5. Parties’ Contentions

A. Complainant

The Complainant contends as follows:

1. The disputed domain name has as its dominant feature the Complainant’s ELECTROLUX mark, and is thus confusingly similar to a trademark in which the Complainant holds registered rights around the world, including in Brazil. Addition of the generic Top-Level Domain (gTLD) “.com” and the Respondent’s initials RW [for Refrigeraçåo Willistrup] does not obviate confusion.

2. The Complainant has never authorized the Respondent to use its marks, in a domain name or otherwise. The Respondent does not meet the standards set out in Oki Data Americas, Inc. v. ASD, Inc., WIPO Case No. D2001-0903,1 for an unauthorized reseller’s use of the manufacturer’s mark in a domain name, among other reasons, because the website has no disclaimer of affiliation with the Complainant and the Respondent is not selling the Complainant’s products exclusively. The Respondent therefore lacks rights or legitimate interests in the disputed domain name.

3. The Respondent clearly knew of the Complainant and its marks at the time of registration, as demonstrated by its inclusion of the Complainant’s logo and mark on its website, and because the ELECTROLUX mark is a well-known consumer brand in Brazil. The Respondent’s use of the mark to compete with the Complainant falls squarely within the example of evidence of bad faith set out in paragraph 4(b)(iv) of the Policy, that “by using the domain name, you have intentionally attempted to attract, for commercial gain, Internet users to your web site or other on-line location, by creating a likelihood of confusion with the complainant’s mark as to the source, sponsorship, affiliation, or endorsement of your web site or location or of a product or service on your web site or location.”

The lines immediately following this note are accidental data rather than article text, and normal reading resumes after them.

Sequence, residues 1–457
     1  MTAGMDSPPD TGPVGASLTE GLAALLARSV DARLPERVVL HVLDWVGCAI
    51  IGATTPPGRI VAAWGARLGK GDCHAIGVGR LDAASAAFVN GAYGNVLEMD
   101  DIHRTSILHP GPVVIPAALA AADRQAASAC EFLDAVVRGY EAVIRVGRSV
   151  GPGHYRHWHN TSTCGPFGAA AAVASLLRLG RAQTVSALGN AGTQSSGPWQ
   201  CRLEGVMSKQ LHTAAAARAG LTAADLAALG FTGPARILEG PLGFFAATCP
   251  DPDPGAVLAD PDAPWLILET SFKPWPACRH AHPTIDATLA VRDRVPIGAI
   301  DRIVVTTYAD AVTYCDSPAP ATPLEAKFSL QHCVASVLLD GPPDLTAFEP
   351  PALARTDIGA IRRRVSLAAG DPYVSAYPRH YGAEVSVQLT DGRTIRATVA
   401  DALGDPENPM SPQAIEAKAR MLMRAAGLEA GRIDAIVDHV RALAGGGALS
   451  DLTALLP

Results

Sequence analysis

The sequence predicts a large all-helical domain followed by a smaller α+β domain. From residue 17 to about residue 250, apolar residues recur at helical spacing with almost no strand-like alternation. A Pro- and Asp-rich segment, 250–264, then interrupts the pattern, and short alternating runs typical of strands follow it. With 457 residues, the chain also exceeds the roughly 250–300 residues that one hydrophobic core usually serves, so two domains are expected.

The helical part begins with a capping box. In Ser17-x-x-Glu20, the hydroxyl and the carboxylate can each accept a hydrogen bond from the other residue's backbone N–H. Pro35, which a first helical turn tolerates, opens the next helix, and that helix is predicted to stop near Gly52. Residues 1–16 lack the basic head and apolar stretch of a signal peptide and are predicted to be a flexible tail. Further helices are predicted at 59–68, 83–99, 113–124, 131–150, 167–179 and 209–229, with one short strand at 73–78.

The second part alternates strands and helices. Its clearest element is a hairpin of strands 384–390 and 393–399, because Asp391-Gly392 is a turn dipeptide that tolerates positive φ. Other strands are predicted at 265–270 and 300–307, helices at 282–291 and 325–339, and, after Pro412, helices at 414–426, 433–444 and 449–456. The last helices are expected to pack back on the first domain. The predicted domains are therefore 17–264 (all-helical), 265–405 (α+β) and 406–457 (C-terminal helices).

B. Respondent

The Respondent did not reply to the Complainant’s contentions.

6. Discussion and Findings

A. Standard of Proof in a Default Case.

Unlike civil litigation in the United States, the Respondent’s default does not automatically result in a decision for the Complainant or constitute an admission of any factual matters pleaded in the Complaint. See WIPO Overview 2.0, paragraph 4.6. Each Policy element must still be proven, not just alleged. The Complainant’s proof here is thorough and complete, making out a textbook case of cybersquatting.

B. Scope of the Policy.

The Panel deems it appropriate to emphasize that the sole matter to be decided in this proceeding is the Respondent’s entitlement or not to use the Complainant’s mark in the disputed domain name. Not at issue are questions of whether the Respondent may provide the Complainant’s products (or service on those products), or whether the Respondent’s use of the Complainant’s marks in its name and business constitute trademark infringement. Those issues would raise questions of Brazilian law far outside this Panel’s limited brief. The Complainant, properly and to its credit, asks for no such determination.

C. Identical or Confusingly Similar.

For the reasons advanced by the Complainant in Section 5.A.1 above, the Panel finds that this Policy element has been established.